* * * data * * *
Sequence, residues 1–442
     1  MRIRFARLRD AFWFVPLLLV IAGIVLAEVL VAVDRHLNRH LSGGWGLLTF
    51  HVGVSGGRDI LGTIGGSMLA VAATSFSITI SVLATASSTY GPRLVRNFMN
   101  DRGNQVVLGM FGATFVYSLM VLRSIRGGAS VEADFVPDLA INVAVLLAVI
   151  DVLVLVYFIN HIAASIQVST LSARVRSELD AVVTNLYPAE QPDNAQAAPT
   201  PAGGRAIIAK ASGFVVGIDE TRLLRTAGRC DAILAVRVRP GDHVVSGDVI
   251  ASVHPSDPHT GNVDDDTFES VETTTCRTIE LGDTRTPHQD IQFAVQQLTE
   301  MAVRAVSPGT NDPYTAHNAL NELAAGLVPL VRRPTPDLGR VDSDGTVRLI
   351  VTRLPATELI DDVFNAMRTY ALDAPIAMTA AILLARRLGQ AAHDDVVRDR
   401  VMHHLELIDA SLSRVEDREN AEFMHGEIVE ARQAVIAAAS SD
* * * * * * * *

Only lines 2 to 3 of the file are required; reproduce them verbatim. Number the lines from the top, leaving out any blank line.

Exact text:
     1  MRIRFARLRD AFWFVPLLLV IAGIVLAEVL VAVDRHLNRH LSGGWGLLTF
    51  HVGVSGGRDI LGTIGGSMLA VAATSFSITI SVLATASSTY GPRLVRNFMN